Great Zimbabwe is the name given to the remains, sometimes referred to as the Great Zimbabwe Ruins, of an ancient Southern African city, located at in present-day Zimbabwe which was once the center of a vast empire known as the Munhumutapa Empire (also called Monomotapa Empire). This empire ruled territory now falling within the modern states of Zimbabwe (which took its name from this city) and Mozambique.
Inside of the Great Enclosure in the ruins of Great Zimbabwe.
The origin of the word Zimbabwe is not known, but there are two schools of thought. It could be short form for "ziimba remabwe", a Shona (dialect: chiKaranga) term, which means "the great or big house built of stones". A second theory is that Zimbabwe is a contracted form of "dzimba woye" which means "venerated houses," a term usually reserved for chiefs' houses or graves. Currently, Great Zimbabwe is an archeological site. The site is also modern Zimbabwe's national shrine where the Zimbabwe Bird (a national symbol of Zimbabwe) was found.
An early European explorer, Viçente Pegado, Captain of the Portuguese Garrison of Sofala, described Zimbabwe thus, in 1531:
Built consistently throughout the period from the years AD 400 to the 15th century, the ruins at Great Zimbabwe are some of the oldest and largest structures located in Sub-Saharan Africa. At its peak, estimates are that the ruins of Great Zimbabwe had as many as 18,000 inhabitants.
Hill Complex at Great Zimbabwe
Built entirely of stone (those parts that survive), the ruins span 1,800 acres (7 km2) and cover a radius of 100 to 200 miles (160 to 320 km). The ruins can be broken down into three distinct architectural groups. They are known as the Hill Complex, the Valley Complex and the famous Great Enclosure. Over 300 structures have been located so far in the Great Enclosure.
The type of stone structures found on the site give an indication of the status of the citizenry. Structures that were more elaborate were built for the kings and situated further away from the center of the city. It is thought that this was done in order to escape sleeping sickness.
What little evidence exists suggests that Great Zimbabwe also became a center for trading, with artifacts suggesting that the city formed part of a trade network extending as far as China.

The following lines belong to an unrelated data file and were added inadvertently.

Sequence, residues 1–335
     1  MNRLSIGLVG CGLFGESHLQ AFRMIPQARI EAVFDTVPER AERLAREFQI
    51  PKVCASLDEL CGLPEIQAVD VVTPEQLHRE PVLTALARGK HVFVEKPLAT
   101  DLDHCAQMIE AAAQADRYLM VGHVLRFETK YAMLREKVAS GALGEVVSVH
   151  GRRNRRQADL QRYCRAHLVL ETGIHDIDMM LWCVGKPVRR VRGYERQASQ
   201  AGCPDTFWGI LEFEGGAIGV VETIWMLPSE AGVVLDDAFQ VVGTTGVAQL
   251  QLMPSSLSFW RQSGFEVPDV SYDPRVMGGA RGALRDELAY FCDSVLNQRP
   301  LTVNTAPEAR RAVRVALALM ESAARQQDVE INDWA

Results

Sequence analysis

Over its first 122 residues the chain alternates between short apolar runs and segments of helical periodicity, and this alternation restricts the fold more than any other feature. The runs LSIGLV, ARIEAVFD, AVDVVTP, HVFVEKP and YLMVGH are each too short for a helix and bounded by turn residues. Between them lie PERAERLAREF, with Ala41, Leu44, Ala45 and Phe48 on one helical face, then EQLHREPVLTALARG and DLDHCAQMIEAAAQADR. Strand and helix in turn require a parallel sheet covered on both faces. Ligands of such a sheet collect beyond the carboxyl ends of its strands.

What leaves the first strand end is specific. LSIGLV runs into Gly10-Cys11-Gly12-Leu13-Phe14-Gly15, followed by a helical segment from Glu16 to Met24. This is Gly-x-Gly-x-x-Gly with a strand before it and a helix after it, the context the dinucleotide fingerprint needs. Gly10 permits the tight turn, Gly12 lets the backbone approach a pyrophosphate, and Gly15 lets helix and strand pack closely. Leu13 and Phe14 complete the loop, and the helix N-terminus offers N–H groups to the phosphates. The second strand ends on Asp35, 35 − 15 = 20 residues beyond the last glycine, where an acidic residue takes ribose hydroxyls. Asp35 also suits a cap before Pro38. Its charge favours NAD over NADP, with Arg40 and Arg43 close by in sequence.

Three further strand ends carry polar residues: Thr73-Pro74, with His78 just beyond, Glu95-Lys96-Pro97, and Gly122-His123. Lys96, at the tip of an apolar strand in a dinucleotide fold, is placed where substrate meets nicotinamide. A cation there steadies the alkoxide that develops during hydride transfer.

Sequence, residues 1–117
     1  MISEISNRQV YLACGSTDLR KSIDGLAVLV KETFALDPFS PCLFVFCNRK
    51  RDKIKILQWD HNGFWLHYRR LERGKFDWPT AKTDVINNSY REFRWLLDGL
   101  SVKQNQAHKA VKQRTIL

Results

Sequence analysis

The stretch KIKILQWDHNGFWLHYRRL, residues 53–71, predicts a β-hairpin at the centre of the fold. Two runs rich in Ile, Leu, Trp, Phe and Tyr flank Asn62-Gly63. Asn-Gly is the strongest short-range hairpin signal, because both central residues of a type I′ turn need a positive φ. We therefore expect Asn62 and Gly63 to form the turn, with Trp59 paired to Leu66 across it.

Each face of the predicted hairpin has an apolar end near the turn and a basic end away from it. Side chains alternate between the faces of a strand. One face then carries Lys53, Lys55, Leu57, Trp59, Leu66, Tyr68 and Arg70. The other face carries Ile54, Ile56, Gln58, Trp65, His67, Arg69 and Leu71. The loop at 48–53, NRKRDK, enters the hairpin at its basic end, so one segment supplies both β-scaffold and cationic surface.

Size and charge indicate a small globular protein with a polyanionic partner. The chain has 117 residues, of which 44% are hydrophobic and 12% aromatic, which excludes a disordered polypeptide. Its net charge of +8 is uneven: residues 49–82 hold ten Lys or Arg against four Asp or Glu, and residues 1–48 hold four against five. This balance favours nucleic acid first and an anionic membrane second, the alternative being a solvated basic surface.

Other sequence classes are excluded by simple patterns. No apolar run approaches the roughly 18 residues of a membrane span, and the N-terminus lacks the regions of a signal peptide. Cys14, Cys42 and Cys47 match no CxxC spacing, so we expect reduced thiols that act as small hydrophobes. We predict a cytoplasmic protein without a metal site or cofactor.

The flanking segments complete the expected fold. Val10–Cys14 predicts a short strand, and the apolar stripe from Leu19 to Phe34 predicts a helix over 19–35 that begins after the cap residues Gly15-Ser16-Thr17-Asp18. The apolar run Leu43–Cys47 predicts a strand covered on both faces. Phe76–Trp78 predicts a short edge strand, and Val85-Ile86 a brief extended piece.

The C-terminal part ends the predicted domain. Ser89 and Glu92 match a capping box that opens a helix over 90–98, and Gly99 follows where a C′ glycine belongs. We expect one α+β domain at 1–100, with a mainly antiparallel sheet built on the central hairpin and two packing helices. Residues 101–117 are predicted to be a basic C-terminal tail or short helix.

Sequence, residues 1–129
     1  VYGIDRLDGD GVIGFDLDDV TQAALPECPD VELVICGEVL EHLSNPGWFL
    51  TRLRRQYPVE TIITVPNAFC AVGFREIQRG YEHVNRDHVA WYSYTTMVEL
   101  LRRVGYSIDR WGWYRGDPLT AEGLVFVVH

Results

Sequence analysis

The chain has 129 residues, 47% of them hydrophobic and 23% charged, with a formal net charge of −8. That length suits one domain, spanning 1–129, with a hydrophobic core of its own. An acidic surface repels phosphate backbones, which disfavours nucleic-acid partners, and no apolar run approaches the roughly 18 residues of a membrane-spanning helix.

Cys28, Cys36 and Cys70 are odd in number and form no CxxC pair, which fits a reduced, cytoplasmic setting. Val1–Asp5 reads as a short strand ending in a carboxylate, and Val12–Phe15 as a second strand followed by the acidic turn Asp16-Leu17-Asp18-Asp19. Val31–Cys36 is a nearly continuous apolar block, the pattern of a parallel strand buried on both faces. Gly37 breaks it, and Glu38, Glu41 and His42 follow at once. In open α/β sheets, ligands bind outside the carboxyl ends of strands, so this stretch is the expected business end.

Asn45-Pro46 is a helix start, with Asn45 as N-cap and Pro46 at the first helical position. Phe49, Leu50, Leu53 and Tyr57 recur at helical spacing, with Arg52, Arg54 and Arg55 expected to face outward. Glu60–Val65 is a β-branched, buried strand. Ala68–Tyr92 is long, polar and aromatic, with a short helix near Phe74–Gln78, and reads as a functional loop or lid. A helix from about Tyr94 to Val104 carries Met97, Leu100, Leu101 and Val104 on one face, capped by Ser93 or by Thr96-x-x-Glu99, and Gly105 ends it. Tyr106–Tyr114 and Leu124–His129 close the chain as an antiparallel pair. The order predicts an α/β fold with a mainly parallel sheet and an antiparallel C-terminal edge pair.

Nobody knows for sure why the site was eventually abandoned. Perhaps it was due to drought, perhaps due to disease or it simply could be that the decline in the gold trade forced the people who inhabited Great Zimbabwe to look for greener pastures.
Portuguese traders were the first Europeans to visit the remains of the ancient city in the early 16th century. In the 19th century, after the ruins were rediscovered by Adam Renders in 1868 and reported on by Karl Mauch in 1871, they became well known to English readers from J. Theodore Bent's season at Zimbabwe, under Rhodes' patronage. Bent, whose archaeological experience had all been in Greece and Asia Minor, stated that the ruins revealed the Phoenicians as the builders. Even after his account of the Ruined Cities of Mashonaland was published, theories as to their origin abounded, with one element in common: they could not have been built by black people; they must have some Mediterranean or Biblical connection. Mauch had favored the Queen of Sheba legend. Nowadays most archaeologists accept that Great Zimbabwe was probably built by one of the Shona-speaking peoples; the Lemba, a Shona-speaking tribe living along the border between Zimbabwe and South Africa, claim Great Zimbabwe as one of a number of stone cities they profess to have built in east Africa.
The first scientific archaeological excavations at the site were undertaken in by David Randall-MacIver in 1905-1906. During the late 1920s, Gertrude Caton-Thompson proved conclusively the site was of African origin. Since then artifacts and radiocarbon dating have proved that the oldest remains date back to the 11th century.
Some of the famous soapstone bird carvings were taken from Great Zimbabwe around 1890 and sold to Cecil Rhodes, who was intrigued and had copies made which he gave to friends. Most of the carvings have been returned to Zimbabwe, but one remains at Rhodes' old home, Groote Schuur, in Cape Town.
The Great Zimbabwe has been a UNESCO World Heritage Site since 1986.